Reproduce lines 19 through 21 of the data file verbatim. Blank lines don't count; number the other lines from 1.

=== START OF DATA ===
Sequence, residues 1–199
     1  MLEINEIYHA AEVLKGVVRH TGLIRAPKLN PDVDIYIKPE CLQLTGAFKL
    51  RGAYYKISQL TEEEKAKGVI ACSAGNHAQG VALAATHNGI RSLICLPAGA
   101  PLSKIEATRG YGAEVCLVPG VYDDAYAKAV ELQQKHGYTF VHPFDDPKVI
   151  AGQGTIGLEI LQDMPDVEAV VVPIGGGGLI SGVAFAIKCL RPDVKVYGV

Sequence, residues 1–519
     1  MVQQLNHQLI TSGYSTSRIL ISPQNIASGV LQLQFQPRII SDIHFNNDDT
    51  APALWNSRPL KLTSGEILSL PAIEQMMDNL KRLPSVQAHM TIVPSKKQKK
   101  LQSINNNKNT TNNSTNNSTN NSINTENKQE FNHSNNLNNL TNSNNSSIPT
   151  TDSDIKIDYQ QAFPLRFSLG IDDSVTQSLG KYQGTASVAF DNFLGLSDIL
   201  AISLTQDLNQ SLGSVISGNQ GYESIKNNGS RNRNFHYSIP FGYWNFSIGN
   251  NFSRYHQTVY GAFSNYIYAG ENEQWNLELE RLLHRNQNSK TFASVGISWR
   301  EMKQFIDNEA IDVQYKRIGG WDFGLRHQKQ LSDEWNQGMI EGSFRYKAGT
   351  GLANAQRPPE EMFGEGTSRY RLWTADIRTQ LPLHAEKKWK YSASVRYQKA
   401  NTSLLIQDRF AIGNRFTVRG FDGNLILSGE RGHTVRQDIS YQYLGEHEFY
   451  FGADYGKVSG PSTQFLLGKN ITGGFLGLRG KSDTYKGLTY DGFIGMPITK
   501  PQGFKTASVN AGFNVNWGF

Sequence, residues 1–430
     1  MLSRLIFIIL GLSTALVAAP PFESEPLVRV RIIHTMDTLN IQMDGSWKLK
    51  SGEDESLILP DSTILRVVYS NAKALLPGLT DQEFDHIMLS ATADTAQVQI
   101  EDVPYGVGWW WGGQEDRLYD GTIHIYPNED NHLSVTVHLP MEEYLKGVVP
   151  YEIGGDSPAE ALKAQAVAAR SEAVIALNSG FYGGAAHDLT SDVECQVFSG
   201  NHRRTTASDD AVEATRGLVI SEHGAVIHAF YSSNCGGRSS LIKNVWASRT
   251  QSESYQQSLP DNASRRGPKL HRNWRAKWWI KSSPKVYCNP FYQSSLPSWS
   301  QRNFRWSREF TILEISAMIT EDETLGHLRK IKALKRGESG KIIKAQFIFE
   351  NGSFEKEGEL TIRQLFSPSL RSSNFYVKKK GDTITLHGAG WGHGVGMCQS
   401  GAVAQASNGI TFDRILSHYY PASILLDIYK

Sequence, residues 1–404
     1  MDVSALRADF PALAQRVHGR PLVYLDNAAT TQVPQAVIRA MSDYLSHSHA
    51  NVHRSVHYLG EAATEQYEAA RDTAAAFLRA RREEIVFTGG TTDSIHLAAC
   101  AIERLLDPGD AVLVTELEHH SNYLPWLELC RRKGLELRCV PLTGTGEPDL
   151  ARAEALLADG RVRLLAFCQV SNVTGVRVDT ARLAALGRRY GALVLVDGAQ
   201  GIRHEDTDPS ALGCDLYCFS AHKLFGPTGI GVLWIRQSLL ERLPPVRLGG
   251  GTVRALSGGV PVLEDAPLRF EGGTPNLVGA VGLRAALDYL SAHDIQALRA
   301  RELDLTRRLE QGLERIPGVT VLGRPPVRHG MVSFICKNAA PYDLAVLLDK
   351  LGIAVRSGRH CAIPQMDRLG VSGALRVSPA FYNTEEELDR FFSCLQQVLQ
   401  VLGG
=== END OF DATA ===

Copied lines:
     1  MLSRLIFIIL GLSTALVAAP PFESEPLVRV RIIHTMDTLN IQMDGSWKLK
    51  SGEDESLILP DSTILRVVYS NAKALLPGLT DQEFDHIMLS ATADTAQVQI
   101  EDVPYGVGWW WGGQEDRLYD GTIHIYPNED NHLSVTVHLP MEEYLKGVVP